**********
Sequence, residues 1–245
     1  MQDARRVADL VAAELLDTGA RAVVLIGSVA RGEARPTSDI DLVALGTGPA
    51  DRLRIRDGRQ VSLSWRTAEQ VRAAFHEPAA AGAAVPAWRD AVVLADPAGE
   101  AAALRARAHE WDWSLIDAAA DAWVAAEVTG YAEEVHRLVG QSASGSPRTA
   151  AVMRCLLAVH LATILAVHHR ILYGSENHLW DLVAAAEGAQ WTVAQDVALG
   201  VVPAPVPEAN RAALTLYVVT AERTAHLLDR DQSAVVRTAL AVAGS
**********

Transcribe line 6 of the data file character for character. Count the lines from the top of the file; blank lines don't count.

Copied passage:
   201  VVPAPVPEAN RAALTLYVVT AERTAHLLDR DQSAVVRTAL AVAGS